Dasharath Stadium is where Nepal has held vital regional sports events in the past—such as the 2012 AFC Challenge Cup and 2013 SAFF Championship. And it is here Nepal will have to host inaugural and closing ceremonies of the 13th South Asian Games (SAG) in December. But as the date of this mega sporting event is nearing (we are only three months away) doubts remain as to whether the stadium will be ready for it within these three months. The officials of National Sports Council (NSC) have already postponed the games for three times due to lack of completion of stadium rebuilding following devastating earthquakes of 2015 which destroyed this sporting infrastructure four years ago. And our failure to complete the rebuilding process has already cost us dearly. Nepal had to shift away the home games of the 2022 World Cup Qualifiers against Kuwait and Taiwan, scheduled for September 5 and 10, because of delay in the reconstruction. The 13th SAG itself was originally scheduled for February-March 2018. But to no avail. Nepal sought more time to ready the infrastructure. Then the meeting of South Asian Olympic Council held in December, 2017 approved new dates: March 9-18, 2019. Later, NSC postponed the Games to September. Nepal failed to meet this deadline too. Nepal must not resort to postponing the games citing the infrastructure issue. All resources should be directed toward completing the remaining works of rebuilding.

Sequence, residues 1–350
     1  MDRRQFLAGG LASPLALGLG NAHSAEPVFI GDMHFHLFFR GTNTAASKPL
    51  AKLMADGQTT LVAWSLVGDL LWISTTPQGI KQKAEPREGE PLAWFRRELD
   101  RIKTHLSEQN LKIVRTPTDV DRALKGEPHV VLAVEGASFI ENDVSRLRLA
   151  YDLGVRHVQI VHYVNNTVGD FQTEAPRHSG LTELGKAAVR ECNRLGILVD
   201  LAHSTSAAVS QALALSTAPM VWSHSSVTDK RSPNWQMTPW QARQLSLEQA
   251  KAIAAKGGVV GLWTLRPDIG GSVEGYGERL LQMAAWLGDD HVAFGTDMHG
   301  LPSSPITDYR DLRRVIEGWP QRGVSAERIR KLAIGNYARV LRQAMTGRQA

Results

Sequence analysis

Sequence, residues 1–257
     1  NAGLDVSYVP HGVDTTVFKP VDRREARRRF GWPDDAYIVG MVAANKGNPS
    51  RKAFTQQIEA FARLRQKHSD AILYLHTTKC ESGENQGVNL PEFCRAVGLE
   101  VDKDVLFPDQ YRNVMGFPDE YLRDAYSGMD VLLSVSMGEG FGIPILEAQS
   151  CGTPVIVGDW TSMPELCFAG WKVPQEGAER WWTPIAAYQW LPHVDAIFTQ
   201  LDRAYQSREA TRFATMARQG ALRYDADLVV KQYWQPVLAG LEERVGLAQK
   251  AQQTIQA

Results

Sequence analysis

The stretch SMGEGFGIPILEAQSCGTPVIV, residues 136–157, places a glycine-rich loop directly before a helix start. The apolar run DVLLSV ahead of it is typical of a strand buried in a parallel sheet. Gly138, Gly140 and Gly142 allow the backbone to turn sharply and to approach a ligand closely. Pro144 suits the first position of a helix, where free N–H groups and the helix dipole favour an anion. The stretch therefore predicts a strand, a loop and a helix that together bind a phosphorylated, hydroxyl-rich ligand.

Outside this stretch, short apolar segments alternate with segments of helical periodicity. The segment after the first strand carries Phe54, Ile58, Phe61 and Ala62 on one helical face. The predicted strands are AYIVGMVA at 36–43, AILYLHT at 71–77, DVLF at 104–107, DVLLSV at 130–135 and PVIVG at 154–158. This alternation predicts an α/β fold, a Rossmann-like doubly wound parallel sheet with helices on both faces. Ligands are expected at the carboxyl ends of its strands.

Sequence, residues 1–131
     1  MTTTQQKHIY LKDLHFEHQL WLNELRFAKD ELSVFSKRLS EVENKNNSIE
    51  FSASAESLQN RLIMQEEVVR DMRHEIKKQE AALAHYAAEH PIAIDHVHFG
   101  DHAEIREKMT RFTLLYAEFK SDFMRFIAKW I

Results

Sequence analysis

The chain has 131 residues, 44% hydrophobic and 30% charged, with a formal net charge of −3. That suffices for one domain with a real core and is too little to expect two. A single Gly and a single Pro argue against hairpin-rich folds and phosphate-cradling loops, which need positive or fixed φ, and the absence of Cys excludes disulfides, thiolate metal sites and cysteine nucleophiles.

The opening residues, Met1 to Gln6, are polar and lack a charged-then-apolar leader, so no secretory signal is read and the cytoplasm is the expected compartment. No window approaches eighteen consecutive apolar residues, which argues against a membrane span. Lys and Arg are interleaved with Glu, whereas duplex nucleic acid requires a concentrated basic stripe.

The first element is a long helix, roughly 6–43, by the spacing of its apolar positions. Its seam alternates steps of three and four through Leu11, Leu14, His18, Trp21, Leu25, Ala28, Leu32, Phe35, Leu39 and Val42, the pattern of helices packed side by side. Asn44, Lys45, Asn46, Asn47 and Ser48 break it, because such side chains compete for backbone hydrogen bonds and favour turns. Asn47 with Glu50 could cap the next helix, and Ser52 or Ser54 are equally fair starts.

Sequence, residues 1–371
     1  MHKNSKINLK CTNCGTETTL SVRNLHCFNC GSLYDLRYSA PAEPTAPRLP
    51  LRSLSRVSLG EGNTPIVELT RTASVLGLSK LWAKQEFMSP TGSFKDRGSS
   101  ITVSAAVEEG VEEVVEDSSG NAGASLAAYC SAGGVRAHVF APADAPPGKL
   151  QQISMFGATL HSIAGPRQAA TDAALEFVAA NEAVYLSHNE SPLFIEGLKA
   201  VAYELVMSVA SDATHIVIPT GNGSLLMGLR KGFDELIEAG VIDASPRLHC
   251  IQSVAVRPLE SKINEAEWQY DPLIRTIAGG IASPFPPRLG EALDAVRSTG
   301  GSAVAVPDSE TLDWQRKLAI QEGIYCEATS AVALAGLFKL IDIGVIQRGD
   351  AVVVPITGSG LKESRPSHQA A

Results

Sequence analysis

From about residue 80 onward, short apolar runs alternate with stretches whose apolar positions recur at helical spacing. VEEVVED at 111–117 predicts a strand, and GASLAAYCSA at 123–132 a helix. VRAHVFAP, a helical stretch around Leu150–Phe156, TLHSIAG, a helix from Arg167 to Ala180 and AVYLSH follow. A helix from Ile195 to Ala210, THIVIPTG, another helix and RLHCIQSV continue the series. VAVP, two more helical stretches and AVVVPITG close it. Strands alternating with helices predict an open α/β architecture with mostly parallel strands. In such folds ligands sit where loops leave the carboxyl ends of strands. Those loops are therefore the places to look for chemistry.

Although the NSC has expressed commitment to complete the stadium on time, national and international sporting bodies are still concerned about Nepal’s ability to host the Games largely because of lack of fast pace in rebuilding. It is clear what will happen if the rebuilding work is not fast-tracked: Nepal won’t be able to host the event scheduled for December 1 to 10. And one good opportunity to showcase Nepal’s sporting prowess will be missed. NSC officials have expressed the commitment to make the stadium ready by mid-November “no matter what.” This spirit should be maintained. Lack of timely release of the budget has been cited as one reason for slow progress in reconstruction. If that is the case, Finance Ministry should ease the process of allocation and release of the money for the purpose and supplies of the construction materials needed for reconstruction should also be made smooth.
By all means, holding SAG will benefit the country in more ways than one. For one, we will be hosting thousands of athletes from seven South Asian countries. And the message they take back home about will be crucial in promoting our tourism. Nepal’s sports sector, particularly cricket, is thriving despite all odds. Nepali cricket stars have earned name and fame for the country through their brilliant performances in national and international games. Making Dashrath stadium up and functioning will go a long way in training Nepal’s footballers and holding various other national sports. The government needs to remove all the hurdles in remaining reconstruction works of the stadium. If the SAG is deferred simply for our inability to complete the stadium, it will be a huge setback for Nepal. The clock is ticking for December.